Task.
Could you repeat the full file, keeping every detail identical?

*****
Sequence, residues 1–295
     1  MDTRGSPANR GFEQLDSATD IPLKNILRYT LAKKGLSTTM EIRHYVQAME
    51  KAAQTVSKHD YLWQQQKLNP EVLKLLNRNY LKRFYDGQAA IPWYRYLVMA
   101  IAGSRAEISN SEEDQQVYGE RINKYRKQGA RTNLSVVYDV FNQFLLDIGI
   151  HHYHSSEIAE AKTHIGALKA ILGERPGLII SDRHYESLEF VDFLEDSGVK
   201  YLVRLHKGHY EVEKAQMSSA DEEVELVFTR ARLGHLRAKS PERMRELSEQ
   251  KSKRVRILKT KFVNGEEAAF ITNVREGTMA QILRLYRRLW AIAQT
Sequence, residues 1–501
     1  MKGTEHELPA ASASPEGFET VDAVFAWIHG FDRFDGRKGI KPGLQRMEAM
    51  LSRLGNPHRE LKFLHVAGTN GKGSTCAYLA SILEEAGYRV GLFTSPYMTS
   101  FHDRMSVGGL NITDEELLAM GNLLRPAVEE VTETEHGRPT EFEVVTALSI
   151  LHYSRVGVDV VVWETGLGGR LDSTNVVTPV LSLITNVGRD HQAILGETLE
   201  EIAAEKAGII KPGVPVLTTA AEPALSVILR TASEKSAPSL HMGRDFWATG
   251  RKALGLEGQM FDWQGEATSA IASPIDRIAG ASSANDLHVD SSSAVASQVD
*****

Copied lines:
Sequence, residues 1–295
     1  MDTRGSPANR GFEQLDSATD IPLKNILRYT LAKKGLSTTM EIRHYVQAME
    51  KAAQTVSKHD YLWQQQKLNP EVLKLLNRNY LKRFYDGQAA IPWYRYLVMA
   101  IAGSRAEISN SEEDQQVYGE RINKYRKQGA RTNLSVVYDV FNQFLLDIGI
   151  HHYHSSEIAE AKTHIGALKA ILGERPGLII SDRHYESLEF VDFLEDSGVK
   201  YLVRLHKGHY EVEKAQMSSA DEEVELVFTR ARLGHLRAKS PERMRELSEQ
   251  KSKRVRILKT KFVNGEEAAF ITNVREGTMA QILRLYRRLW AIAQT
Sequence, residues 1–501
     1  MKGTEHELPA ASASPEGFET VDAVFAWIHG FDRFDGRKGI KPGLQRMEAM
    51  LSRLGNPHRE LKFLHVAGTN GKGSTCAYLA SILEEAGYRV GLFTSPYMTS
   101  FHDRMSVGGL NITDEELLAM GNLLRPAVEE VTETEHGRPT EFEVVTALSI
   151  LHYSRVGVDV VVWETGLGGR LDSTNVVTPV LSLITNVGRD HQAILGETLE
   201  EIAAEKAGII KPGVPVLTTA AEPALSVILR TASEKSAPSL HMGRDFWATG
   251  RKALGLEGQM FDWQGEATSA IASPIDRIAG ASSANDLHVD SSSAVASQVD